Autem vel eum iriure dolor in hendrerit in vulputate velit esse molestie consequat, vel illum dolore eu feugiat nulla facilisis at vero eros et dolore feugait

Dealing with badly drafted restrictive covenants and final closure on Seldon?

Here are a few updates on previously reported cases:

Courts rewriting restrictive covenants

Some of you may recall that earlier this year in the case of Prophet plc v Huggett, the High Court held that courts could re-write badly drafted restrictive covenants in order to bring them in line with common sense. However, this decision has been overturned by the Court of Appeal.

In Huggett it was held that the restrictive covenants should be rewritten to give effect to the intention of the parties which prevented Mr Huggett selling software which was similar to Prophets software.

In summary the Court of Appeal judge pointed out that although a purposive approach could be taken when a restrictive covenant was ambiguous, this was not the case here, and the clause was simply badly drafted. Given that Prophet had drafted the clause they were stuck with it.

The moral of the story for business owners is ensure that legal advice is sought when drafting restrictive covenants for key personnel.

Is 65 an appropriate age for mandatory retirement?

Avid followers of employment law will recall the well know case of Seldon –v- Clarkson Wright & Jakes, where a former law firm partner complained that it was discriminatory on the basis of age to have a mandatory retirement age of 65.

The appeal courts held that this form of discrimination was capable of being objectively justified and made it clear that legitimate aims could include the achievement of inter-generational fairness or dignity.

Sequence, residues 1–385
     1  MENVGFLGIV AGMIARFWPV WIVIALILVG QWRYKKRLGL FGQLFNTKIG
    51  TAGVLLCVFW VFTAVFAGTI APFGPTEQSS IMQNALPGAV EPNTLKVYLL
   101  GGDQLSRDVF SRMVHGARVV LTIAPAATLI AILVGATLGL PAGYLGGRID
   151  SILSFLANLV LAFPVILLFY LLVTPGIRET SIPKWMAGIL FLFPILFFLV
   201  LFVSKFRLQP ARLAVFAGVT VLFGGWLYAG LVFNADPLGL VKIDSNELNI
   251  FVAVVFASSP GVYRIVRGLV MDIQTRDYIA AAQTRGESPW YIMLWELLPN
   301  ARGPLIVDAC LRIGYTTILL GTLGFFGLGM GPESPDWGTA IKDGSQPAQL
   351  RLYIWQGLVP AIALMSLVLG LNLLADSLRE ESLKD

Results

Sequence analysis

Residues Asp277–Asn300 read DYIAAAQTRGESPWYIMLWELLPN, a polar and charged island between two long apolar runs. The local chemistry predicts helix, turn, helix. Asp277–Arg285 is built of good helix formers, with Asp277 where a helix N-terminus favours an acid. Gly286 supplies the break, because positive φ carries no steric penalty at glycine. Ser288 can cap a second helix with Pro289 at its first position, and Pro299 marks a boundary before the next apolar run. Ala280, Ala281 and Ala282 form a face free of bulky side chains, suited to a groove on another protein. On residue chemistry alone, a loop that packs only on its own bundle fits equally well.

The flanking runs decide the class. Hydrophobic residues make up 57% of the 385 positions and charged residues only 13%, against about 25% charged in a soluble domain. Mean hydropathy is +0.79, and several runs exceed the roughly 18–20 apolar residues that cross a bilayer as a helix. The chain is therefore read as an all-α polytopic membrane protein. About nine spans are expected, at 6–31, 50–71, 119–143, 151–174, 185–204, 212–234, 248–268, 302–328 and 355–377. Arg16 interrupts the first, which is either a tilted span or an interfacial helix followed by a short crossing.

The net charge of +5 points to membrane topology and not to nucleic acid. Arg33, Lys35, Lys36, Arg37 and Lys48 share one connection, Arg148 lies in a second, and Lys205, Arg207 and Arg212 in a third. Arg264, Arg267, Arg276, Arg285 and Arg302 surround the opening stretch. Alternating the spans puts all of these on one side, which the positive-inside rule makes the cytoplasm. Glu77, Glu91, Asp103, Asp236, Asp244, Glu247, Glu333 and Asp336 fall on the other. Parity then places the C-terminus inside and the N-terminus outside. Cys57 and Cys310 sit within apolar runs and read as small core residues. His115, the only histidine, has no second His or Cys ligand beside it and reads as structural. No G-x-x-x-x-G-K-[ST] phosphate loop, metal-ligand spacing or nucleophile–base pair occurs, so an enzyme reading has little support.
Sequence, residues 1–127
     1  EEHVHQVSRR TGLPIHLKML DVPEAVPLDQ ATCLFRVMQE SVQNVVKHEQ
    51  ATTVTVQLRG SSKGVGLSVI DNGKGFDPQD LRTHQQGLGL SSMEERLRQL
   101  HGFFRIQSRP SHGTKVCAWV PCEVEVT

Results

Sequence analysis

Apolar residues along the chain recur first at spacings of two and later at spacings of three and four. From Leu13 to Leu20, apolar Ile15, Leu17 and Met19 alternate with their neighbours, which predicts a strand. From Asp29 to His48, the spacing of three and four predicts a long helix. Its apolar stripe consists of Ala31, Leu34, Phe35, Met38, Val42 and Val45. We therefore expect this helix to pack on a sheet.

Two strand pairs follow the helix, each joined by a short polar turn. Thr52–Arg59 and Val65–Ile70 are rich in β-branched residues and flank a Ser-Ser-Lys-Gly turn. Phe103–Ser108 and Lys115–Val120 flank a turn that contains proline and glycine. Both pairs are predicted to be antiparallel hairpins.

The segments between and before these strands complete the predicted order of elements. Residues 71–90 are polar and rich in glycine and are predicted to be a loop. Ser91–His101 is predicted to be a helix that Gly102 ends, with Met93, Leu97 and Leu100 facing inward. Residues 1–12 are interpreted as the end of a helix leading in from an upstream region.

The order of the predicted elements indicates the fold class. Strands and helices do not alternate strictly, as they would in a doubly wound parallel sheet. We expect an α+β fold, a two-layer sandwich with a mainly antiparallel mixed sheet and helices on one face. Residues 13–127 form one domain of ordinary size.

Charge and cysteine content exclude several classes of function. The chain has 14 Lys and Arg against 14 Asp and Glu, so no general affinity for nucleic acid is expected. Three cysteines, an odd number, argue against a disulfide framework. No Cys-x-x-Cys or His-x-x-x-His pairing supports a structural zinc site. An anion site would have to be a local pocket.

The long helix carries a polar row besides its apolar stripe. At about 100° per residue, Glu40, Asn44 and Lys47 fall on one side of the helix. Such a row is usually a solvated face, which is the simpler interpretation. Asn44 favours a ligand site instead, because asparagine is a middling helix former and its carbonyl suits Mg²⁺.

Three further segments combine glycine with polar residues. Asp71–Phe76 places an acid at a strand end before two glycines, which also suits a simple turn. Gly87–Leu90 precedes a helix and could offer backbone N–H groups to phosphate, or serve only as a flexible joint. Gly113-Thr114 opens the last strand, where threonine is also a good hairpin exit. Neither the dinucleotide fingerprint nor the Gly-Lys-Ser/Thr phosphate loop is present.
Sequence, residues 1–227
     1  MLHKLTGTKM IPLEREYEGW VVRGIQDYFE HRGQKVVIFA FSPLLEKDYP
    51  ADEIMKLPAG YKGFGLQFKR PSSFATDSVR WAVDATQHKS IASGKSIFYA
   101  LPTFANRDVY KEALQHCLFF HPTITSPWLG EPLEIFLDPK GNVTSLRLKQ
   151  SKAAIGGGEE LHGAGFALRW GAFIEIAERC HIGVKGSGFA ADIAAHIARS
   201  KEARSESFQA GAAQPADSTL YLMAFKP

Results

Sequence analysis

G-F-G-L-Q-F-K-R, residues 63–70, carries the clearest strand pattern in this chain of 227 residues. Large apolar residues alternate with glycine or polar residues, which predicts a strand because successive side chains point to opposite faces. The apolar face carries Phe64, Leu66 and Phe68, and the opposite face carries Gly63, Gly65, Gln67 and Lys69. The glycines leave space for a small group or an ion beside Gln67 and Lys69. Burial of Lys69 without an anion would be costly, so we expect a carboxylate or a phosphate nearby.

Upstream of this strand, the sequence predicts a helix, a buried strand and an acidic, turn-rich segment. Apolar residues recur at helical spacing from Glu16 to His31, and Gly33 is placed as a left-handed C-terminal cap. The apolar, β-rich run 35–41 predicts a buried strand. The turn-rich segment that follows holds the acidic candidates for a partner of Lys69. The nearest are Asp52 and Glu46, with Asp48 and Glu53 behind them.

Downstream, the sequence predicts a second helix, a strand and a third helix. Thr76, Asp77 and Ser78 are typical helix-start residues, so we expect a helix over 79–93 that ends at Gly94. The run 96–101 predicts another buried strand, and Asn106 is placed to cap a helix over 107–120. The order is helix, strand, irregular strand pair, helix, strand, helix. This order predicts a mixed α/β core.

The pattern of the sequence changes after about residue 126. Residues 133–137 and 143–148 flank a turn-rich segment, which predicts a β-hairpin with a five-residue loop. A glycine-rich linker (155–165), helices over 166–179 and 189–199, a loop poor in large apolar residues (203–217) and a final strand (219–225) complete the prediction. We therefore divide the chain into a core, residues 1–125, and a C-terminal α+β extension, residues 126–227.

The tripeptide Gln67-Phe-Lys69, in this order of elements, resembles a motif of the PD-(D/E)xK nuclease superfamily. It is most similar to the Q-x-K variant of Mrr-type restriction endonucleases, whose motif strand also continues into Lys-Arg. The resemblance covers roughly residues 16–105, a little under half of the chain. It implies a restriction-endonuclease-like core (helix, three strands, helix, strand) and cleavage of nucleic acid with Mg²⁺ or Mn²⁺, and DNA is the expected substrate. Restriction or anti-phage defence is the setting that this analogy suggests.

The case was remitted to the Employment Tribunal (ET) where it was held that a mandatory retirement age of 65 was a proportionate means of achieving the legitimate aims of retention, planning and collegiality. Mr Seldon appealed to the Employment Appeal Tribunal (EAT) as to whether or not age 65 was proportionate.

The EAT held that the ET were entitled to conclude that 65 was an appropriate age for retirement. The tribunal’s job was to balance the discriminatory effect of choosing a particular retirement age against the success in achieving the legitimate aims. That balance would not necessarily show that a particular age/point could be identified as more or less appropriate than another.

Business owners should note that the position might have been different post the abolition of the default retirement age and changes in the state pension age therefore it is essential to take legal advice before making decisions for mandatory retirement ages.

If I can provide you with any further assistance on drafting or advising on restrictive covenants or retirement policies, please do not hesitate to contact me for a free consultation on 0113 350 4030 orsamira.cakali@scesolicitors.co.uk.

Please note that the information in this blog is to provide information of general interest in a summary manner and should not be construed as individual legal advice. Readers should consult with SCE Solicitors or other professional counsel before acting on the information contained here. 

Samira Cakali

Samira Cakali is a pragmatic and approachable solicitor advocate with extensive contentious and non-contentious experience in the fields of employment law as well as civil litigation, within a range of commercial businesses from SME’s to multinationals as well as senior executives.

%d bloggers like this: